Getting started as a spotter

Mar 1, 2011
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Cleveland, Ohio
Hello. First, if this question has been asked a million times I apologize, please simply direct me to the appropriate thread.

In short, I want to become a certified spotter. Where i live (Northern Ohio) has its share of severe weather, and when the time comes i want to be part of the warning community.

I've heard that there are different spotter programs. For my area, which are the best, or ones that you would recommend?

Also, reading these threads i've seen a lot of talk about ham radio. What is the significance of these devices?

Thanks for your time,

Dan
 

rdale

EF5
Mar 1, 2004
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470
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Lansing, MI
skywatch.org
There's really only one "spotter" program... That's the Skywarn program. Your local NWS office http://weather.gov/cle offers free training in your county every year, so that's the way to start. Ham radio used to be the primary way of getting info to the NWS, that's sort of getting supplanted by SpotterNetwork.

But you still need training, and that's through Skywarn.
 
Apr 24, 2010
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Derby, KS
The only "official" spotter organization is Skywarn. I recommend you do a few searches online, their website is located here: http://skywarn.org/. You might contact your local NWS office, and find out who your spotter coordinator is for the area. They can give you more localized information.

The Skywarn classes offered each spring are nice starting points, but are by no means all-inclusive. Find someone who truly knows what they're doing, most are very great people who are more than willing to help "newbies". Experience is the best way to learn. Check out the Educational area for some information on severe weather, including some literature for you to purchase & read. Learn all you can before going out in the field, and learn some more when you're out there.
 
Jun 2, 2010
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Napoleon Ohio
The Skywarn training is most likely over for the season, they usually run that in February through March. One does not have to be an amateur radio operator to be a spotter, there are other ways of notifying the NWS, there is the e-spotter portal, there is the toll free spotter number for the NWS office, there is Spotter Network as previously mentioned.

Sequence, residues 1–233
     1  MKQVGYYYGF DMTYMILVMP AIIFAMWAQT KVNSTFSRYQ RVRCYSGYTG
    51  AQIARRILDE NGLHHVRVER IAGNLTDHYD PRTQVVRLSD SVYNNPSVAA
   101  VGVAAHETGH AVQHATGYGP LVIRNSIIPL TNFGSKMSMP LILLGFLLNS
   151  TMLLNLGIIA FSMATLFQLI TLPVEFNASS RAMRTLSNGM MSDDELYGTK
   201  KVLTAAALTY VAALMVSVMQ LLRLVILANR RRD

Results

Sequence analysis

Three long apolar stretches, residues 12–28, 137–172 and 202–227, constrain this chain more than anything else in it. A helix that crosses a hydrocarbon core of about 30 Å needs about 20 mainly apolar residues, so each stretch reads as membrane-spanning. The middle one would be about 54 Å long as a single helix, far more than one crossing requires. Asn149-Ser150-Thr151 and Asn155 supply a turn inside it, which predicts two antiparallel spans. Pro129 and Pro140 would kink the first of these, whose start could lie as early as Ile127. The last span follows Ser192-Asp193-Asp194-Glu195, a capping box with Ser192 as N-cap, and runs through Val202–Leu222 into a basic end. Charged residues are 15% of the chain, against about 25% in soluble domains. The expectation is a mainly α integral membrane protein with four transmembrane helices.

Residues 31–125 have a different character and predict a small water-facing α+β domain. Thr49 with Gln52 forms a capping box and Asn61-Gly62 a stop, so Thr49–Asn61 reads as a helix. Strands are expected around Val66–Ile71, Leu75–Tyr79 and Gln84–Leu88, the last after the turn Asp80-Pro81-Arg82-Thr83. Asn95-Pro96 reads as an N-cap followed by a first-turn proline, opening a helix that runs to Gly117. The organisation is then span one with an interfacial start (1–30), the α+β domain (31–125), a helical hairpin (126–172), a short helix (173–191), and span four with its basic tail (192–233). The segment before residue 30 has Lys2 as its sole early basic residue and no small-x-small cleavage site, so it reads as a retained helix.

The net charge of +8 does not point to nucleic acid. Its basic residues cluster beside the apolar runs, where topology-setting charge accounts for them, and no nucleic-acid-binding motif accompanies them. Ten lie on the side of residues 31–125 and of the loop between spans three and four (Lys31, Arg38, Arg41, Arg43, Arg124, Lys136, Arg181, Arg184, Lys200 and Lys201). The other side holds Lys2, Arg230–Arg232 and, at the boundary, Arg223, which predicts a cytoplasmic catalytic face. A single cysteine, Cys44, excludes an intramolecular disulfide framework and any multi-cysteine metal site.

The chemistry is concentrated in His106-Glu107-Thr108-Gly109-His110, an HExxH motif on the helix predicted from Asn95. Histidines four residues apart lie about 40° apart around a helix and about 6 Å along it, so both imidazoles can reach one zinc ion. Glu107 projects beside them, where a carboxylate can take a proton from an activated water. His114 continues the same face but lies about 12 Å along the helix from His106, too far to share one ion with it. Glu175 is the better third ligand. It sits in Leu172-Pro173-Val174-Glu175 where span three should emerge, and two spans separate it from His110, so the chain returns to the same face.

One thing to remember, just taking one class will not totally prepare you, my suggestion is to go with a more experienced spotter for your area.

You can probably get in tough with local spotters by contacting your local EMA, give them your name/contact information and they will forward it on and someone will get in touch with you.
 

GregDean

Enthusiast
Jun 1, 2011
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I wanted to get Skywarn Cert this year but with my new job not giving me much time to pursue it. I missed my chance to get to one of the classes in my neighboring counties. So what i am going to do for myself is read up on all the Spotter Network training module, Pass their Tests, and start my storm spotting that way. I will just have to wait till next year to get to a Skywarn class. I am also studying for my Ham Radio License, So i will be on the airwaves soon as well.

Too bad that i missed Skywarn though.. I just wish they would offer classes for longer periods or even private classes. But i dont think that will happen.
 

GregDean

Enthusiast
Jun 1, 2011
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My local area doesn't seem to have an online program from what i have seen I am currently working on getting done with my SN tests. Been working so much i havent had a chance to read the material for SN. I am just now getting serious about learning more about weather. Being 22 i have a good amount of time to study it...
 

GregDean

Enthusiast
Jun 1, 2011
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OH so you own that site! Awesome. I actually used that site 2 years ago. I was going to start reading ti just recently but work caught up with me so now i am working like 40 hours a week.(retail)